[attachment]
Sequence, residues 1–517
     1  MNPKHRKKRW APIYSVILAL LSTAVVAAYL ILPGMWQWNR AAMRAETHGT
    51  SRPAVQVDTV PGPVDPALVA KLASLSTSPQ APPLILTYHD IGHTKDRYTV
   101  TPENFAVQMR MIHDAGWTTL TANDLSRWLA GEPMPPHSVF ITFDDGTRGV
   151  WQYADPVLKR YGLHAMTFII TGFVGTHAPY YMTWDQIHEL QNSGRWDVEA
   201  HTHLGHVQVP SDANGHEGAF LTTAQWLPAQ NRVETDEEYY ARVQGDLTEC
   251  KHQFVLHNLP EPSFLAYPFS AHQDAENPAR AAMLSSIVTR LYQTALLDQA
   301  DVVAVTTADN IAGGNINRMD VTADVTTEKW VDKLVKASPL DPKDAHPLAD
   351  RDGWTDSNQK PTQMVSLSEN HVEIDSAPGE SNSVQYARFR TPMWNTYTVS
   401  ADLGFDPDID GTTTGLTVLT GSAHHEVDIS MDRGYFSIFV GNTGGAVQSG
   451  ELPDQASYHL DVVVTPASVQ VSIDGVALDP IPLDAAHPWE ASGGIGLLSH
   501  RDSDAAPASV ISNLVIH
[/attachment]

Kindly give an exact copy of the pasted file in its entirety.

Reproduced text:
Sequence, residues 1–517
     1  MNPKHRKKRW APIYSVILAL LSTAVVAAYL ILPGMWQWNR AAMRAETHGT
    51  SRPAVQVDTV PGPVDPALVA KLASLSTSPQ APPLILTYHD IGHTKDRYTV
   101  TPENFAVQMR MIHDAGWTTL TANDLSRWLA GEPMPPHSVF ITFDDGTRGV
   151  WQYADPVLKR YGLHAMTFII TGFVGTHAPY YMTWDQIHEL QNSGRWDVEA
   201  HTHLGHVQVP SDANGHEGAF LTTAQWLPAQ NRVETDEEYY ARVQGDLTEC
   251  KHQFVLHNLP EPSFLAYPFS AHQDAENPAR AAMLSSIVTR LYQTALLDQA
   301  DVVAVTTADN IAGGNINRMD VTADVTTEKW VDKLVKASPL DPKDAHPLAD
   351  RDGWTDSNQK PTQMVSLSEN HVEIDSAPGE SNSVQYARFR TPMWNTYTVS
   401  ADLGFDPDID GTTTGLTVLT GSAHHEVDIS MDRGYFSIFV GNTGGAVQSG
   451  ELPDQASYHL DVVVTPASVQ VSIDGVALDP IPLDAAHPWE ASGGIGLLSH
   501  RDSDAAPASV ISNLVIH